(3) During the third stage, you define online presentation behavior. Using InStEd, DynaText’s Interactive Stylesheet Editor, you generate stylesheets for the different views you want to have available for your online readers. With these stylesheets, you control color and format. You can also control visibility of conditional information. With dynamic filtering of conditional document elements, you can display information specific to a skill level, a set of tasks, or a security clearance.

Once these stylesheets are created, they can be reused any number of times for similar types of documents. Once the DynaText E-book is created, the publishing begins. As an online publisher, you distribute the E-book in a compressed DynaText repository database, the stylesheets for the views you want your reader to be able to see, and perhaps a viewer or browser. If you publish on CD-ROM, you can include the DynaText Browser or a custom browser created by your software developers. If you know your readers have specific viewers or browsers, just include the stylesheets for those views. If you publish on the Web, you can set up a DynaWeb server. DynaWeb is the Web server component of the DynaText system. The DynaWeb server automatically determines the reader’s browser, formats the requested document with the appropriate stylesheet, and transfers only the parts of the document the reader asks to see.

DynaText books are fast and dynamic. When a reader wants to view or search a DynaText book, only the information specific to the user’s request is converted through the appropriate stylesheet and sent to the user’s browser. This information is displayed quickly because the entire document is not downloaded to the reader’s system.

When it comes to delivering large online documents, the DynaText Professional Publishing System can save you an incredible amount of time. Online delivery can be almost instantaneous once writers have completed an update. Where you need to anticipate investing large blocks of time is in the setting up of conversion templates (used in Stage 1) and presentation stylesheets (used in Stage 3). After you are set up, the DynaText system converts documents on the fly.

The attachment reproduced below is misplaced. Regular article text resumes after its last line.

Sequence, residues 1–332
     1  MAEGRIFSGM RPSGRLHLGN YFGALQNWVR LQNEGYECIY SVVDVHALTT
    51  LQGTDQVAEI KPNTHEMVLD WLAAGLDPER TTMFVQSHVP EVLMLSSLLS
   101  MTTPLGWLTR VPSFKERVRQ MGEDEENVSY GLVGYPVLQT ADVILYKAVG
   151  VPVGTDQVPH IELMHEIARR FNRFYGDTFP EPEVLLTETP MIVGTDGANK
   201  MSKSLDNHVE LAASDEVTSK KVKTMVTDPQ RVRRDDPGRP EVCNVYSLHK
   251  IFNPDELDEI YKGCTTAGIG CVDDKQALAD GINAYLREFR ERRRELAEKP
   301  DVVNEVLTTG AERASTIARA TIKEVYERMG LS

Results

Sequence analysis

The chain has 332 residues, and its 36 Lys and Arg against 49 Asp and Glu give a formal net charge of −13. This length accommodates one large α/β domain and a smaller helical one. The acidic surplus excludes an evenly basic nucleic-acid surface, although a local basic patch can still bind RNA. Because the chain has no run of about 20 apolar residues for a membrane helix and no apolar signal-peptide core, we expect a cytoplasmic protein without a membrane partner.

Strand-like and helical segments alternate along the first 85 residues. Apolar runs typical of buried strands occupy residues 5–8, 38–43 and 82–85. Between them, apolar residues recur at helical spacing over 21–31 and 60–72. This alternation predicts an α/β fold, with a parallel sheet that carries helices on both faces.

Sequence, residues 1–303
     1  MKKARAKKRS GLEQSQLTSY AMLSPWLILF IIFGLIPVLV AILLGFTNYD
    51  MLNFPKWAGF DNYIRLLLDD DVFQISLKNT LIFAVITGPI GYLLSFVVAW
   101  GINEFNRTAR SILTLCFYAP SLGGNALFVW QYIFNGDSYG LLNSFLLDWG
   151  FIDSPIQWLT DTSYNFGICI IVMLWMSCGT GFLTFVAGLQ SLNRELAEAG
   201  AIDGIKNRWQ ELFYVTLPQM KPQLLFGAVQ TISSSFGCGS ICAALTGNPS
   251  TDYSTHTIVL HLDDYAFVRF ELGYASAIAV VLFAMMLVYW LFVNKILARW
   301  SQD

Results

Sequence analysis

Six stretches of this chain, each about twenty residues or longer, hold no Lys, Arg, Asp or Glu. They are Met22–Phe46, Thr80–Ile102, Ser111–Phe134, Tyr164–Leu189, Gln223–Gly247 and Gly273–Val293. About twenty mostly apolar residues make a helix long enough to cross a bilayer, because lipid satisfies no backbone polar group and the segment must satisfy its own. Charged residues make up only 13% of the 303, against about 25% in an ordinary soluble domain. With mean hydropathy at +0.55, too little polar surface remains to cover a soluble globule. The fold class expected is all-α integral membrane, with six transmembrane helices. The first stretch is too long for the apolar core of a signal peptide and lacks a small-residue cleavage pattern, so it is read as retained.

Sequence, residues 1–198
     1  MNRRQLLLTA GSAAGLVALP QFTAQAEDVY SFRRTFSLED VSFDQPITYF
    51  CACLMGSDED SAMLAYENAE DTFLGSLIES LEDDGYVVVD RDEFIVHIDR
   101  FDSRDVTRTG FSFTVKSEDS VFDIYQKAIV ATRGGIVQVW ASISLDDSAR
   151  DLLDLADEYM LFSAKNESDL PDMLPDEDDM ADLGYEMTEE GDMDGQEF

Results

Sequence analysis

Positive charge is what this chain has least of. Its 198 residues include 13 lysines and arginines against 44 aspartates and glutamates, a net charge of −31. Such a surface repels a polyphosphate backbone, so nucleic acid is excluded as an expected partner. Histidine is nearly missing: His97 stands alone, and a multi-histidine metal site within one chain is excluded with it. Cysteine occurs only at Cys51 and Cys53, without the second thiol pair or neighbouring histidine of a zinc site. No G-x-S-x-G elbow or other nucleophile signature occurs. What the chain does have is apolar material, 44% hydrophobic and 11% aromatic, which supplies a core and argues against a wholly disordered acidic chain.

What happens when the next version of Netscape is released? Create a new Netscape stylesheet (Stage 3). What happens if you must alter the user’s guide for your company’s new notebook computer to make procedures for novices available without displaying expert information? Identify the new conditional information in the document’s source files (Stage 1), edit the conversion template used for the document, if necessary (Stage 2), and create a new novice stylesheet (Stage 3). No new conversion tools are needed in either case.

Of course, we have to ask how much clean up is required after conversions to and from SGML. Al told us during the meeting that if writers can consistently stylize their documents, the process is much smoother with the DynaText tools. The stylesheets you create with InStEd can convert logically as well as literally.

The DynaText system is an online document delivery system, with “delivery” being the key word. The DynaText system is not a system for helping writers create the original source files. At the Carolina Chapter meeting, Al asked Diane Peterson, from ArborText, Inc., to speak briefly about the ADEPT Editor, an authoring tool that creates pure SGML document source files. With a product like the ADEPT Editor, you can avoid the conversion to SGML that is required to create a DynaText E-book. As you work in ADEPT, the editor constantly checks the SGML document type definition (DTD) to keep you from inadvertently generating erroneous SGML code. Version 7.0 of ADEPT Editor is due out in September and is very similar to Microsoft Word. You can find out more about ArborText and the ADEPT Editor on the Web at http://www.arbortext.com/.

As technology and streamlined budgets make changes to the norm, more and more of us face the task of putting our documents online. If you’re interested in doing some exploring on your own, look around the Inso Web site (http://www.inso.com). This site is filled with information on Inso electronic publishing tools, including good descriptive information on the DynaText Professional Publishing System.

Editor’s Note: For additional information about the tools that are mentioned here, read this article on the Web at http://www.geocities.com/SiliconValley/Heights/4870/dyna.html. In the Web article, you can click on all listed URLs to visit the entioned Web sites. Stay tuned for more Web-based articles from the Newsletter Staff! End of article.